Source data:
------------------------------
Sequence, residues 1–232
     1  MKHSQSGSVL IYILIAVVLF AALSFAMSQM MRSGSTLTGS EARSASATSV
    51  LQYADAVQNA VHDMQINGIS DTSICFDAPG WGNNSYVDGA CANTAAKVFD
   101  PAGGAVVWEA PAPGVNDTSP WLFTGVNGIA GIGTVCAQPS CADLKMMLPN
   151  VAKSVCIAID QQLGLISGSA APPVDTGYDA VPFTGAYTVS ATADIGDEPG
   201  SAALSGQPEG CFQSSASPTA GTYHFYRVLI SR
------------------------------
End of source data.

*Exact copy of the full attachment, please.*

Sequence, residues 1–232
     1  MKHSQSGSVL IYILIAVVLF AALSFAMSQM MRSGSTLTGS EARSASATSV
    51  LQYADAVQNA VHDMQINGIS DTSICFDAPG WGNNSYVDGA CANTAAKVFD
   101  PAGGAVVWEA PAPGVNDTSP WLFTGVNGIA GIGTVCAQPS CADLKMMLPN
   151  VAKSVCIAID QQLGLISGSA APPVDTGYDA VPFTGAYTVS ATADIGDEPG
   201  SAALSGQPEG CFQSSASPTA GTYHFYRVLI SR